Bowls about money for all, but not players?
The righteous indignation erupting across segments of the college football landscape is laughable. How dare Stanford’s Christian McCaffrey and LSU’s Leonard Fournette decide to skip the Sun Bowl and Citrus Bowl, respectively. What gall that these halfbacks put their preparation for professional careers ahead of their “amateur” pursuits. How can they be so selfish? Where is the commitment to their schools and teammates?
Perhaps the biggest laugher is potential damage to bowl games if stars begin opting out regularly. Cities count on those glorified exhibitions! According to a study commissioned by the College Football Association, the economic impact of bowl games was nearly $1.5 billion in 2015. Individual regions netted between $12 million and $93 million per game — not including revenue from local residents.
Everywhere you turn, there are coaches, administrators, bowl officials, TV executives and corporate sponsors lamenting the decision by McCaffrey and Fournette. Funny how that works, how choruses from the sidelines and luxury suites insist kids should take the field and
accept the risks.
Folks with interests based solely on principal (financial gain), want players to base actions solely on principle (fundamental values).
Extolling the virtues of big-time college sports to the unpaid laborers grows harder and harder as the stacks grow taller and taller. One of my favorite examples this week was the Ohio sports columnist who said McCaffrey disrespected the “gift” of a scholarship to a university that costs $62,801 to attend.
I’m going out on a limb to suggest the gift has been paid back 100 times over.
Stanford will net over $2 million just for reaching the Sun Bowl this year. Imagine the total revenue McCaffrey helped generate from ticket sales, concessions, broadcasts, advertising and merchandise during his three seasons at the school. If Stanford adds the expenses for food, training and travel to McCaffrey’s scholarship, the school still comes out far ahead on its profit and loss statement.
Critics worry about slippery slopes and evolving calculus. Players sitting out bowl games today could lead to players sitting out late-season games tomorrow.
What if a projected star shuts it down with his team going nowhere at 2-5? What if he simply decides he can’t improve his status, or doesn’t want to risk pre-NFL injury no matter the stakes, even conference championship or playoff games?
Some observers would call those players quitters, opportunists who have no regard for the other men in their locker room.
If that’s the case, we don’t have to wonder where the behavior was learned. Coaches leave for the next step in their career all the time, often between the regular season finale and the bowl game. Athletic directors, concerned about their approval rating more than the team’s feelings, fire coaches in midseason.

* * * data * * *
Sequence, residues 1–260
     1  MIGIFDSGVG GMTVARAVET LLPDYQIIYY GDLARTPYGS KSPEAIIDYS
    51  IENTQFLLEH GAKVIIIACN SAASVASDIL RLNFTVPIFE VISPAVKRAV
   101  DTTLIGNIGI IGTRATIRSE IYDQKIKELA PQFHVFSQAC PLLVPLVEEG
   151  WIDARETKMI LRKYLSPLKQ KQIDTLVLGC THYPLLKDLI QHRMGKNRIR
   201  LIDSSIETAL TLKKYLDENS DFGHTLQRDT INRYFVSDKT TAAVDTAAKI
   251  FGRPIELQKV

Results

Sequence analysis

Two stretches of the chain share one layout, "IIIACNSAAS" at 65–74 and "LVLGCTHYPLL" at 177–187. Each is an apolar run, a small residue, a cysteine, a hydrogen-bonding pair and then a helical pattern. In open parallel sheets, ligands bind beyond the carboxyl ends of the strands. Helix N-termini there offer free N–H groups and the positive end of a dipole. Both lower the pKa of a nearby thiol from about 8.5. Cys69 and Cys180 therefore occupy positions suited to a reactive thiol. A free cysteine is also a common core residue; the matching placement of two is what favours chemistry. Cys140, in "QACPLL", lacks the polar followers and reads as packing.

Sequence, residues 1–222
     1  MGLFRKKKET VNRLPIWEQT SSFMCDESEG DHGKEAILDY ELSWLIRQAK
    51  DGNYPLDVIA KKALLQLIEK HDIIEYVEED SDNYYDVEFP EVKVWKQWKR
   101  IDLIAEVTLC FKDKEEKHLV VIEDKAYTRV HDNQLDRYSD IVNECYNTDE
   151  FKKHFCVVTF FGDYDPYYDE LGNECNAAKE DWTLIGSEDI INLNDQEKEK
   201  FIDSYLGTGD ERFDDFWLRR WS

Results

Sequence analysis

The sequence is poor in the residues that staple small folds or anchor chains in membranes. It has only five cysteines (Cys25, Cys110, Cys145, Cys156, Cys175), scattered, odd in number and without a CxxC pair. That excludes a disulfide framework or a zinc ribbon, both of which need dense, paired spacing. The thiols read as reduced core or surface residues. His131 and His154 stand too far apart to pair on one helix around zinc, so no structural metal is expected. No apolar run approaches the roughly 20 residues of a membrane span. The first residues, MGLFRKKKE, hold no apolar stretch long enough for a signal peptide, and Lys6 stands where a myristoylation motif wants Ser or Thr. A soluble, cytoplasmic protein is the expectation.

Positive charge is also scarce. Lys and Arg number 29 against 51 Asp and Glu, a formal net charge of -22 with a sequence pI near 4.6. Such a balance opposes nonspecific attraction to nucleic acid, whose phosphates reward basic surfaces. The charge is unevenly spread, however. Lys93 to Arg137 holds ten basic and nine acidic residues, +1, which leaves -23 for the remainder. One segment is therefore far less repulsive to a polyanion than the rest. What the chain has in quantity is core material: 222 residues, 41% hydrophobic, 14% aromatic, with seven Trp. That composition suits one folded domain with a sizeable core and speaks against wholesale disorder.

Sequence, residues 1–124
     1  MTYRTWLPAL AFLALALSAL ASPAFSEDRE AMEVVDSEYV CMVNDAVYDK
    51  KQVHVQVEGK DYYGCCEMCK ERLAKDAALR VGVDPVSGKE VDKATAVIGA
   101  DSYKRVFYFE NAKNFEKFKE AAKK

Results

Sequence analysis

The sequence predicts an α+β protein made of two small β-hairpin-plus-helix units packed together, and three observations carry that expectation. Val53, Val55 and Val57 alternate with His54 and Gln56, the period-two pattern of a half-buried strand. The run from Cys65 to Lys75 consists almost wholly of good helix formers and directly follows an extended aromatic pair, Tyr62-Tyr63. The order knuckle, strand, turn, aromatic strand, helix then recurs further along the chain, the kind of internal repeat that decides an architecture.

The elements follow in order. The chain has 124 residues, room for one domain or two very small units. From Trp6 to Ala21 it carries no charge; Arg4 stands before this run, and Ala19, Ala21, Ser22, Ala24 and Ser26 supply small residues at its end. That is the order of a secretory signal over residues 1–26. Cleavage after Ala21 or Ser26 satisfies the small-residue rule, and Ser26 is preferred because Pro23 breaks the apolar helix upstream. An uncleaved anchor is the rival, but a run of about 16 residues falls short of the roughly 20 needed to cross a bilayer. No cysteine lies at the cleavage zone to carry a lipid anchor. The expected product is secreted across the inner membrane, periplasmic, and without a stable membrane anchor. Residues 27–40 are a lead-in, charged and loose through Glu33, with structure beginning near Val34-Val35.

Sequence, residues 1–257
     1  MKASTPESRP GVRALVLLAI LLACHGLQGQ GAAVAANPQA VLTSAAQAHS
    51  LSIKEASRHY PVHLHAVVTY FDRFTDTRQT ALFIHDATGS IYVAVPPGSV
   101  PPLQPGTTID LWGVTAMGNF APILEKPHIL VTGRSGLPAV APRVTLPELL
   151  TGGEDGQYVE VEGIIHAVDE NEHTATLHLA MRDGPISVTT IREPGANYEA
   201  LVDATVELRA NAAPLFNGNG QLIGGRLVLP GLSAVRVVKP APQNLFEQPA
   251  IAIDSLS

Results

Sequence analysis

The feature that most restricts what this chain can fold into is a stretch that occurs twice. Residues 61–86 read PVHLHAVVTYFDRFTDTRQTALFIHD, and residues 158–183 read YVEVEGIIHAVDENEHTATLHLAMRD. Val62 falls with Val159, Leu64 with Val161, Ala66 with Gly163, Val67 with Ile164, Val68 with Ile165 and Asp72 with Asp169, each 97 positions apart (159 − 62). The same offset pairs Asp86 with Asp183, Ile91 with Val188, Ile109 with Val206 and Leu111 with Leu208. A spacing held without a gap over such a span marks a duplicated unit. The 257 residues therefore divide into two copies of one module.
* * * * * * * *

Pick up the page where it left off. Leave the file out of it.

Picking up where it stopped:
Business decisions abound in high places, but the playing field is strictly for pleasure?
Try telling that to Jaylon Smith, the Notre Dame linebacker who shredded his knee in last year’s Fiesta Bowl. He lost more $10 million in guaranteed money when he was drafted in the second round instead of the top-5 or top-10 as projected. He has yet to play in the NFL and his career is uncertain.
Actually, Smith might not be the best example. He tweeted Monday: “Honestly. With Everything I’ve been through, If I could go back to Jan. 1st I’d play again. #ClearEyeView”
You can find the same mindset in racing and other high-risk sports imbued with ever-present danger. For some, the passion is worth any pain and punishment that accompanies it. The fun outweighs any future funds they might forgo. That thrill drives folks to climb mountains or jump out of airplanes.
I get it. And I understand why most projected high picks are participating in bowl games, risks be damned.
What I don’t get is crucifying the likes of McCaffrey and Fournette for deciding otherwise.
It’s each player’s body, each player’s future. Not the coach or left tackle. Not the bowl CEO or the school’s top booster. Not the fans in the stands or home on the couch.
If this ultimately puts a severe cramp in the system, so be it. There’s nothing sacrosanct about the vast majority of postseason games. We’ll just have to make do without the Franklin American Mortgage Music City Bowl, the Raycom Media Camellia Bowl and the San Diego County Credit Union Poinsettia Bowl.
And if the trend spills over to the regular season, tradition-laden bowls or the College Football Playoff? The powers-that-be just need to develop a new plan, a business model that doesn’t rake in billions but can survive with kids who simply want to play. FCS schools can provide a tutorial.
College sports are less big business the further down you go (Division II, Division III, NAIA, etc.). But I wouldn’t be upset if players at lower levels sat out due to concerns about their health and future earning potential. So I certainly don’t have a problem when top stars do likewise, with millions of dollars at stake.
Windfalls surrounded McCaffrey and Fournette for three years but they played without missing a beat. Now they’re no longer willing to turn their backs and folks have a problem with their decision? That’s a joke.
The only one bigger is the NCAA’s notion of amateurism: Everyone else is in it for money but players are in it for love.
Here’s to McCaffrey and Fournette laughing all the way to the bank.